Non-speaking does NOT mean unfeeling or unthinking. On this World Vegan Day and Autistics Speaking Day, please consider the voices of both nonhuman beings and autistic people. As Arundhati Roy once said, “There’s really no such thing as the ‘voiceless’. There are only the deliberately silenced, or the preferably unheard.”

guest posts, reflections

Guest Post by Tori Lion: On Disrupting Temple Grandin

Tori Lion is a committed vegan activist, artist, and academic living in Toronto, where she engages in community organizing with Toronto Pig Save and its sister organizations, Toronto Cow Save and Toronto Chicken Save. She identifies as part of the mad, autistic, and queer communities. She uses her creative works to instill ecological awareness and compassion for other animals.

Most parents of autistic girls hope that their daughters will grow up to be like Temple Grandin. Animals have enchanted me since before I remember anything, and I think that my mother must have imagined me politely shaking her hand one day, perhaps over hors d’oeuvres following a standing ovation in a crowded lecture hall. Among my presents for my twelfth birthday was one of her books, Animals in Translation. That was before I grew into who I am now, a lesbian who goes to slaughterhouses every week to lay my hands on the bodies of Dr. Grandin’s victims. I stroke their curls and watch as they struggle for the water bottles carried by my activist friends and I. My hands have been covered in the filth that coats every inch of their skin. In spite of their terror, they come to know me by running their catlike tongues over my fingers, by nibbling my mittens in the winter. The intimate senses have largely been maligned by Western philosophy, but I know the truth at least partly because of them.

Perhaps Dr. Grandin and I are similar because we both became who we are among the carnage of the stockyards. Traumatized and alienated from myself as a result of years of repression, I was invited to bear witness to cows awaiting the death machines one morning in January some time ago, and I never looked back. However, unlike Dr. Grandin, I knew that my community members and allies were those who looked out at me with bewilderment from behind metal slats, who mirrored my vulnerability and exchanged affectionate touch with me. The stench of their surroundings puts me in mind of skies blackened by ashes of bodies like mine gassed and incinerated as the culmination of eugenics projects; I wonder, do such thoughts ever occur to Dr. Grandin as she arrives at her places of work? She claims that she doesn’t have an unconscious, and she conveniently denies the animals she murders the ability to hear the screams from underground. I imagine that not being afflicted by the turmoil of the mind must make doing her job a lot easier. As someone cohabiting their location at the margins of normalcy and reason, I see my reflection in the wildness of animals; rather than acknowledging this, Dr. Grandin’s work is saturated with the language of eliminating resistance, of rendering her victims docile so that they can better fulfill their role as units of production. From her position on the catwalk, looking down with the gaze of mastery over nature, Dr. Grandin sees her victims blending smoothly into her machines. I am increasingly overcome with a burning desire to let Dr. Grandin know that she is wrong.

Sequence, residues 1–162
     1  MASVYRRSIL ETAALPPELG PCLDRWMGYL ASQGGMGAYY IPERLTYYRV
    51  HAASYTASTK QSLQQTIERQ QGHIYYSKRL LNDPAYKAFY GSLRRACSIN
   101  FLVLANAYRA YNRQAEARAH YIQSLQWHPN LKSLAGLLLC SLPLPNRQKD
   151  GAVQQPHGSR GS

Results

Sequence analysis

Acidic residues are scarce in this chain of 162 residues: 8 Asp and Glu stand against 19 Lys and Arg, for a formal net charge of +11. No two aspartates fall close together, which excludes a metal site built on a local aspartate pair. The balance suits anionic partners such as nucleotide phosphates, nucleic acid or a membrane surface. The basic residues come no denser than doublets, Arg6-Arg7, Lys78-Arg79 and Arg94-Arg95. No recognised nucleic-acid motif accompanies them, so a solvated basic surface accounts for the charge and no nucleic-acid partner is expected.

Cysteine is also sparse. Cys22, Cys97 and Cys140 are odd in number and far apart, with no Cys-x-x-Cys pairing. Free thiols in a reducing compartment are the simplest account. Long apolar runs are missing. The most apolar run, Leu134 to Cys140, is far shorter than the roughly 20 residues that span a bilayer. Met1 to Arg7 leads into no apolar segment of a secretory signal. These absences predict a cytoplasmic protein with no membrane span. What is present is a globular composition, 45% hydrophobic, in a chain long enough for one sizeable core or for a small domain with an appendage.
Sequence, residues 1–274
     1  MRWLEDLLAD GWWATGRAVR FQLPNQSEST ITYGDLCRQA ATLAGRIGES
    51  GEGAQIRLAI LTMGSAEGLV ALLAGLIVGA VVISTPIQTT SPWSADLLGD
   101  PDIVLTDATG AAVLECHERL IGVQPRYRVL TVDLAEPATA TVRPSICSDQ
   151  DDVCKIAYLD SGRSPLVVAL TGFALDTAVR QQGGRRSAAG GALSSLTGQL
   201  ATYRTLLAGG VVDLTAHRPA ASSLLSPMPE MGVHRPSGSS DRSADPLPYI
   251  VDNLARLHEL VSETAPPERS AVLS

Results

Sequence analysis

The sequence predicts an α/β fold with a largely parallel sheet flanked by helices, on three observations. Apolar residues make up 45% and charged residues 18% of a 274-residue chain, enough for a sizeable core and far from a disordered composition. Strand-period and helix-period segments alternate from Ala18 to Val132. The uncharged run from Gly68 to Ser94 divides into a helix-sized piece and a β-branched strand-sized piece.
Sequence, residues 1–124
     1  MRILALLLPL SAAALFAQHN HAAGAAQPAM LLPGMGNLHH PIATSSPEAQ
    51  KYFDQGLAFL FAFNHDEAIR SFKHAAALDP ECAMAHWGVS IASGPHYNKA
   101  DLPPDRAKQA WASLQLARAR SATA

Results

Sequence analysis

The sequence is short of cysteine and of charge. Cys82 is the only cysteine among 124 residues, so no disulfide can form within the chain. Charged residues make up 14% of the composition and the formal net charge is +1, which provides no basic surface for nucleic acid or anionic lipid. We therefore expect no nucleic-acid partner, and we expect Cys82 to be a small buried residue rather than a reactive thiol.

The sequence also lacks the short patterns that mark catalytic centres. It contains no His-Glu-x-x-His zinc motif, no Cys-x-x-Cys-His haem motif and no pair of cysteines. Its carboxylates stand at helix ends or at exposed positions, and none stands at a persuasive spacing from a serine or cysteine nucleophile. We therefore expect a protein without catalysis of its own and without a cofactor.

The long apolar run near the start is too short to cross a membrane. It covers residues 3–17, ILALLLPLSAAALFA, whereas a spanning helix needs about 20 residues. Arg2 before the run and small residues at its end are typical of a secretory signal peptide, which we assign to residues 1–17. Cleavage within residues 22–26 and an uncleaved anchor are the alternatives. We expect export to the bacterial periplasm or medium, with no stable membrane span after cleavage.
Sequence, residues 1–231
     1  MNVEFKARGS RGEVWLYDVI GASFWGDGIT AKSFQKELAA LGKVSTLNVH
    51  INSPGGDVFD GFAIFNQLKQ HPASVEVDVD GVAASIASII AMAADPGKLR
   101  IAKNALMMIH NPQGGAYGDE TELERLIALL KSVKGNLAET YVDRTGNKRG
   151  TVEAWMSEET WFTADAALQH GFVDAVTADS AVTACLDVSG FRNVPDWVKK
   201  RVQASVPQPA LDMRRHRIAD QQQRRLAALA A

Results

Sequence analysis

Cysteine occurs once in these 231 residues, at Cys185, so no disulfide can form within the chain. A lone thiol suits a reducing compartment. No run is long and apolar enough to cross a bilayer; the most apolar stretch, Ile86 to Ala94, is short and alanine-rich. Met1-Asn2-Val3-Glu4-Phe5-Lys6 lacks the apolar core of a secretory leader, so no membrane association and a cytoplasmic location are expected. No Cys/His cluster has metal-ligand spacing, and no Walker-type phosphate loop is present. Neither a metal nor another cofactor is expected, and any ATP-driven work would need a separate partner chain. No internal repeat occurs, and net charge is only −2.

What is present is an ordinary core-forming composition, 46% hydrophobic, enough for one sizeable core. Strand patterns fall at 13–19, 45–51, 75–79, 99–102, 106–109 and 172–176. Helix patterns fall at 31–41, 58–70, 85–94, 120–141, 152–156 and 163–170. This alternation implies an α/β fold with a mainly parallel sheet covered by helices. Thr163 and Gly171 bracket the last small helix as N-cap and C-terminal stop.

When Dr. Grandin makes a visit, I refuse to politely shake her hand. I take the stage with her, carrying a sign reading, “KILLING THE UNWILLING: NEVER HUMANE – GO VEGAN!”, which is promptly pulled from my hands. “Don’t believe the happy lie, animals do not want to die!”, I shout. “It’s not food, it’s violence!” I point at Dr. Grandin, yelling, “I’m autistic and I try to save animals from her every day!” Being dragged away by security, I’ve never felt simultaneously so ecstatic and so overwhelmed. Upon leaving the University of Guelph campus, I repeatedly yell, “I did it! I did it! I did it!”, out of breath. The release of energy is good and necessary.

The protesters occupying the lawn and sidewalk resume chanting, and I join them. Waiting within the walls of an academic institution built upon animal exploitation, the truth could be heard coming in from outside, much to the annoyance of Dr. Grandin, who ran outside to argue with my friends. A powerful feeling of joy had rushed through me. I knew that we were going to invade and crush down the walls of speciesism and crush down the walls of her slaughterhouses; she and her meatpacking audience could no longer be safe in there.

Dr. Grandin, I do not want to resemble you when I am an old woman. I look forward to further embracing my own animality, to use the words of pattrice jones, rather than learning to dispose of the animals who I claim to “love.” I don’t think that you could have predicted who I would become. I don’t think that you have been challenged before. Is that why you seemed so unsure of how to respond to me?

A large chalk drawing of Joshua the calf that Tori made on the sidewalk next to a Starbucks franchise in downtown Toronto as part of the International Day of Action Against Starbucks.